image borrowed from bing
The last time somebody said,”I can write so much better
on a word processor,” I replied,”They used to say the
same thing about drugs.”--Roy Blount, Jr.
Hemingway always wrote everything in longhand,
as did I, & still do, because
there is something essential for me
in seeing those words for the first time
in my unique & personal scrawl.
I’ve always been a Bic-boy, writing in pen,
though these days it tends to be with
a 1mm black-lined rolling writer ballpoint,
having given up writing in pencil in Junior High,
even though several creative writing teachers
insisted on it half a decade ago--
when typewriters were still a staple tool;
the second great joy for me while writing
was to watch my words appearing so neatly
typed on a blank page.
For years I used an avocado green
Underwood portable typewriter, and
you had to pound those keys soundly
to get dark even results--which I regretted
when I graduated to an electric typewriter,
& after suffering with overtyping repeated
letters, one learned a softer touch.
My typing skills slowly improved as most
of my vocational career played out in offices,
at a steel desk, with a typewriter being
the primary note & communication device.
I remember the excitement I felt,
the naked joy, when I was finally issued
an IBM Selectric typewriter, complete
with an auto-correction function--
and then the actual anger I experienced
when the VA reclaimed all those beautiful
machines, & replaced them with the
early models of Apple computers.
Very few of us even had a clue about
operating computers, so we were forced
to endure several 8 hour training sessions
that covered “everything we needed to know”
about our new systems--but most of us
could not stay focused, could not process
more than 2 hours before we interfaced
with dreaded sensory overload, and immediately
after each official government class
we would have to resort to begging
the few computer geeks among us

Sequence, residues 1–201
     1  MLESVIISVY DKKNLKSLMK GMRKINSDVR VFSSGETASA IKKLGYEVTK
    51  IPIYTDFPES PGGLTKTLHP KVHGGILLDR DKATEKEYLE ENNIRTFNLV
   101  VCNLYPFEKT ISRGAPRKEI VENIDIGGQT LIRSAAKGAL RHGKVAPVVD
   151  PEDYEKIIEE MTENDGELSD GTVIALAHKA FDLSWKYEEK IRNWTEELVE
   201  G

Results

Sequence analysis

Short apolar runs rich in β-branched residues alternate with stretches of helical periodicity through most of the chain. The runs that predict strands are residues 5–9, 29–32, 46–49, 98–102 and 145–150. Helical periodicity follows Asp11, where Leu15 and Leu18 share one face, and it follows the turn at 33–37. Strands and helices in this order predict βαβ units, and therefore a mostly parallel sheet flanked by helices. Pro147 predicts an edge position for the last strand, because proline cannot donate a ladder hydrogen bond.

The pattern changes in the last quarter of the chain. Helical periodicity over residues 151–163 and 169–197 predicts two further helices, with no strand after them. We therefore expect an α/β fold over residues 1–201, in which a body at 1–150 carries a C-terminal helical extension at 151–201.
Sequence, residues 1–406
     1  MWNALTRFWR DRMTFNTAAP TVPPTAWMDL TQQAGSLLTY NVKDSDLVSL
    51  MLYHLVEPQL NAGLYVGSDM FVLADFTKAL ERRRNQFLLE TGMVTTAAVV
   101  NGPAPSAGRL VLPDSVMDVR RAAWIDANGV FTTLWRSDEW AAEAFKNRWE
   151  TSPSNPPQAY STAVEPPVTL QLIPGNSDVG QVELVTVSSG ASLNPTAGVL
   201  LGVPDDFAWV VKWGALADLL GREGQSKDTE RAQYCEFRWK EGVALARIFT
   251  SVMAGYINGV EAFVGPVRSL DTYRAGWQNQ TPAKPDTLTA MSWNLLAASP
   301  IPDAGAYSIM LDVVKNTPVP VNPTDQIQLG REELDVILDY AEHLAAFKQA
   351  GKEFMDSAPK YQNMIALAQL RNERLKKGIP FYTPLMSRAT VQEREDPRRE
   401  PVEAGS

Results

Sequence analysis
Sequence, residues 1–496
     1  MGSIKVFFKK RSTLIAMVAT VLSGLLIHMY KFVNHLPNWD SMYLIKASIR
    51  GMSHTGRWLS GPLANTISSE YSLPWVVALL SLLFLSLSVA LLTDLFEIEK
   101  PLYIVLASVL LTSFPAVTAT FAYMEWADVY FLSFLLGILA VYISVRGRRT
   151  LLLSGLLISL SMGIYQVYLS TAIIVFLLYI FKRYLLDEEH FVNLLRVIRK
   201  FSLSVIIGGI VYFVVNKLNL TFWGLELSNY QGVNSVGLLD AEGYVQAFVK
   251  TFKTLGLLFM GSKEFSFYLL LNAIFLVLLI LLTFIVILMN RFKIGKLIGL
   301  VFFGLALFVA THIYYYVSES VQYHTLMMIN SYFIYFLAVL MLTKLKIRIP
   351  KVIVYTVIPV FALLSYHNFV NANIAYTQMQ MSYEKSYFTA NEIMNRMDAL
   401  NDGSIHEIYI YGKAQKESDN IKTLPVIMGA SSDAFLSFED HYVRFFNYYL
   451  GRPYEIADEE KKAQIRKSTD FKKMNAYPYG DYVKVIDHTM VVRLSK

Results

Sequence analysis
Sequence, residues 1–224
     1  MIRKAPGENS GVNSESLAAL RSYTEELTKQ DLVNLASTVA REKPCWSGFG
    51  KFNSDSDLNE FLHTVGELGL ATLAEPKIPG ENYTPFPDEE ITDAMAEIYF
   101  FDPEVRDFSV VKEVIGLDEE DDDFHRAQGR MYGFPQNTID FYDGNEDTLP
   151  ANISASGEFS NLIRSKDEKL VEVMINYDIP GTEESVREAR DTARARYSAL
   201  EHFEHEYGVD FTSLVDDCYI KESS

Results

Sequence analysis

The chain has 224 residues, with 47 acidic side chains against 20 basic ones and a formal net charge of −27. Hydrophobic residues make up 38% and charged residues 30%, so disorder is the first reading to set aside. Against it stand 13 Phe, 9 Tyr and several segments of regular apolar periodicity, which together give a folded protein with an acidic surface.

to perform impromptu in services
with the rest of us;
then after what seemed ages, an eternity
of frustration & ignorance, we began
to possess marginal skills, & much like
trained chimpanzees, we could perform
certain functions by rote.
Add to this the active conflict
of owning an Mac computer at home
because our children had learned their
skills on the free Macs given to their schools,
and by then working on PC’s at the office,
it was like shifting between left-hand
& right-hand drive twice daily, plaguing
us with active cognitive dissonance.
It has been our children who have taught
us the skills to barely comprehend
the latest technology, & we have had to
accept our subservient role graciously.
So the bottom line becomes
it is sort of enlightening to realize
that older folks can continue to learn
new skills, and can peripherally participate
in the saccadic swirl, the overwhelming
constant introduction of new communication
devices, & even though we probably will not
camp out over night in a line to get one of them,
& we may never come up to par, we will putter
away at our own pace, expanding our sphere
of fellowship to every corner of the planet,
even though it is evident that we will only
utilize our own computers at the same
rate as we have habitually used our own
brain--at less than 5% of its capacity.
Posted over on dVerse Poets MTB
Would you like to hear the author read this poem to you?